The Smiths Indeed – Manchester Academy 3 – 10th April 2010

Posted on April 14, 2010

8


written for High Voltage

The Smiths have left behind a unique and enduring legacy. Their songs are listened to by more people now than ever before and they continue to influence an untold number of new bands. Morrissey’s unsurpassed ability to write poetic lyrics, that were both witty and sorrowful, meant that the band were blessed with the best pop wordsmith of a generation. Add to that Johnny Marr’s gift of being able to structure beautiful chord progressions, played in a distinctive arpeggio style, and it created something very special. The Smiths Indeed, a highly acclaimed Smiths tribute band, attempted to re-create some of this magic tonight, but as is often the case at tribute events such as this, their efforts fell embarrassingly short.

As tribute acts go, The Smiths Indeed are fairly decent. It is quite clear that they have studied the band closely in an attempt to incorporate as much detail as possible, by carefully selecting the guitar tones and being as true to the original compositions as one could imagine. However, some parts of their act fall woefully short; and the idea that this band can transport an audience back to the 1980’s, and give a true flavour of what a Smiths concert was really like, is complete nonsense. They deserve credit for being able to authentically reproduce many of the songs with some accuracy, but what purpose tribute acts serve became more and more unclear as the evening progressed. It seemed like many members of the audience had come to pretend they were watching The Smiths, but the reality was oh so different.

Despite generally performing with professionalism, there were some extremely hairy moments. The worst being when the guitarist, who had performed some tricky Marr riffs fairly competently, played the ‘Shoplifters of the World Unite’ solo pitifully out of key, which sounded amateurish and made a few onlookers squirm. At £10 pounds a ticket, the ability to play a simple solo section would seem a minimum requirement. That was by no means the only awkward moment. The onstage gyrating and hip swinging, which was meant to portray Morrissey dancing around in his pomp, was also slightly uncomfortable to watch.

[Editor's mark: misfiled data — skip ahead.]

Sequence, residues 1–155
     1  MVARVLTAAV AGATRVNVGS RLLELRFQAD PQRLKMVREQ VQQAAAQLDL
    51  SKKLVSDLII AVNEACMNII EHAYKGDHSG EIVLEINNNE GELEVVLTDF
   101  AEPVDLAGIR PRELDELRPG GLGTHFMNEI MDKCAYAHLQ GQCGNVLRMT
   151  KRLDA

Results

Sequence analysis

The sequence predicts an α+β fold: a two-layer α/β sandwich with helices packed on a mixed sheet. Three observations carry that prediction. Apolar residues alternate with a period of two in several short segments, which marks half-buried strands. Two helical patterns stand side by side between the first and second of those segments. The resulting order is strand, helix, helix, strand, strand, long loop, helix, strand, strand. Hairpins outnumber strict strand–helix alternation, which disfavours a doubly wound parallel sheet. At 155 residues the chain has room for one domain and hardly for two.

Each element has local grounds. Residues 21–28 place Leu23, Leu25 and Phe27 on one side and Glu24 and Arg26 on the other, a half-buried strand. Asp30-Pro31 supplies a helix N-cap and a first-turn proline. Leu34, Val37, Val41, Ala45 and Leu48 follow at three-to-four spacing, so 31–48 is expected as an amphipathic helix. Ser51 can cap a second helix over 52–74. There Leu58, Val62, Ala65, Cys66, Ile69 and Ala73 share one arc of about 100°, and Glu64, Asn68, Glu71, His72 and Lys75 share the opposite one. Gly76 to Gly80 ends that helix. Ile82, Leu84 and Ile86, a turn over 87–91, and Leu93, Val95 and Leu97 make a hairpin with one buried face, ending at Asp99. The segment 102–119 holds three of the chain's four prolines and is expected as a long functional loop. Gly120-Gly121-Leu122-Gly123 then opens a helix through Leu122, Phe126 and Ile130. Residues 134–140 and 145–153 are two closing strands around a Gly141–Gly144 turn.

Tonight’s performance came as part of The Smiths Indeed’s latest tour, which is a celebration of 25 years since the release of Meat is Murder, and the first half of their set was dedicated to playing the complete album in its original order. There was then a short break before they launched in to some other classic tracks, including the much-loved b-side Wonderful Woman. The drums and bass were played with expert precision, and the electric guitar tone was faithful to the original and was played through a nice Rickenbacker, giving them a solid overall sound. In general, the vocal was good, with singer J. Wendelen incorporating the falsetto sing-outs on ‘What Difference Does It Make?’ and ‘Well I Wonder’ with great aplomb.

Credit should go to The Smiths Indeed for managing to expertly play large parts of their set with exactness; it is certainly not an easy task to play work originally written by expert musicians. Nevertheless, the idea of ever seeing them again is frightful. It was all supposed to be a bit of fun but for some it was an experience to forget. Lesson learned – stay away from tribute bands.

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Posted in: Music